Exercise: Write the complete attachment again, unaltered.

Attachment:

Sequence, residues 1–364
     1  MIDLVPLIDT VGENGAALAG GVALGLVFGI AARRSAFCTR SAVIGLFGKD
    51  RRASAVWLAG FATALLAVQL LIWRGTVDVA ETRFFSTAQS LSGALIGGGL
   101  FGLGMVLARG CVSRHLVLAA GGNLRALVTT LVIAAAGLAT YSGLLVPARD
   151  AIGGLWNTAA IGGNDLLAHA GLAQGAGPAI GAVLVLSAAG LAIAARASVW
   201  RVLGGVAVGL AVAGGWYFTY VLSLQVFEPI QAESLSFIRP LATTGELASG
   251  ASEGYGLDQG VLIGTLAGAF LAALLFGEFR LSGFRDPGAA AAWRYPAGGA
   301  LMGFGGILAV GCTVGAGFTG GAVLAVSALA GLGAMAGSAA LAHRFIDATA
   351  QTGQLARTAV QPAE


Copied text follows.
Sequence, residues 1–364
     1  MIDLVPLIDT VGENGAALAG GVALGLVFGI AARRSAFCTR SAVIGLFGKD
    51  RRASAVWLAG FATALLAVQL LIWRGTVDVA ETRFFSTAQS LSGALIGGGL
   101  FGLGMVLARG CVSRHLVLAA GGNLRALVTT LVIAAAGLAT YSGLLVPARD
   151  AIGGLWNTAA IGGNDLLAHA GLAQGAGPAI GAVLVLSAAG LAIAARASVW
   201  RVLGGVAVGL AVAGGWYFTY VLSLQVFEPI QAESLSFIRP LATTGELASG
   251  ASEGYGLDQG VLIGTLAGAF LAALLFGEFR LSGFRDPGAA AAWRYPAGGA
   301  LMGFGGILAV GCTVGAGFTG GAVLAVSALA GLGAMAGSAA LAHRFIDATA
   351  QTGQLARTAV QPAE